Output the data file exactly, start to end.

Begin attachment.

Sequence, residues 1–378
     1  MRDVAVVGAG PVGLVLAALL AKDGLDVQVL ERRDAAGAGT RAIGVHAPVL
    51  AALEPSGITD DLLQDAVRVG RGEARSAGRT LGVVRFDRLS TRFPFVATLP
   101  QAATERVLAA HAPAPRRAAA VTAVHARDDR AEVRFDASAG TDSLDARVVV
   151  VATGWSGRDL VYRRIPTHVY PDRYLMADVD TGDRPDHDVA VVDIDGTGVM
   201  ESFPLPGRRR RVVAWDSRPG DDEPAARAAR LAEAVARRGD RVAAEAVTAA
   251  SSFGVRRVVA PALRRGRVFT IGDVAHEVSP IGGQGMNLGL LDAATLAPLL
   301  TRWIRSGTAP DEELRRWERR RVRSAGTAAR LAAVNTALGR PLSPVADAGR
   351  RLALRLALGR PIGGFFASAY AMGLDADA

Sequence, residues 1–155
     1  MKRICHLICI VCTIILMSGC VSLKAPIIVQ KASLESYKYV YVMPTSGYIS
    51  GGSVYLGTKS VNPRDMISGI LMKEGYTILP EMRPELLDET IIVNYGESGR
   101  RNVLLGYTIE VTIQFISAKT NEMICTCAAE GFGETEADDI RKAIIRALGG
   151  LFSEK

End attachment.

Sequence, residues 1–378
     1  MRDVAVVGAG PVGLVLAALL AKDGLDVQVL ERRDAAGAGT RAIGVHAPVL
    51  AALEPSGITD DLLQDAVRVG RGEARSAGRT LGVVRFDRLS TRFPFVATLP
   101  QAATERVLAA HAPAPRRAAA VTAVHARDDR AEVRFDASAG TDSLDARVVV
   151  VATGWSGRDL VYRRIPTHVY PDRYLMADVD TGDRPDHDVA VVDIDGTGVM
   201  ESFPLPGRRR RVVAWDSRPG DDEPAARAAR LAEAVARRGD RVAAEAVTAA
   251  SSFGVRRVVA PALRRGRVFT IGDVAHEVSP IGGQGMNLGL LDAATLAPLL
   301  TRWIRSGTAP DEELRRWERR RVRSAGTAAR LAAVNTALGR PLSPVADAGR
   351  RLALRLALGR PIGGFFASAY AMGLDADA

Sequence, residues 1–155
     1  MKRICHLICI VCTIILMSGC VSLKAPIIVQ KASLESYKYV YVMPTSGYIS
    51  GGSVYLGTKS VNPRDMISGI LMKEGYTILP EMRPELLDET IIVNYGESGR
   101  RNVLLGYTIE VTIQFISAKT NEMICTCAAE GFGETEADDI RKAIIRALGG
   151  LFSEK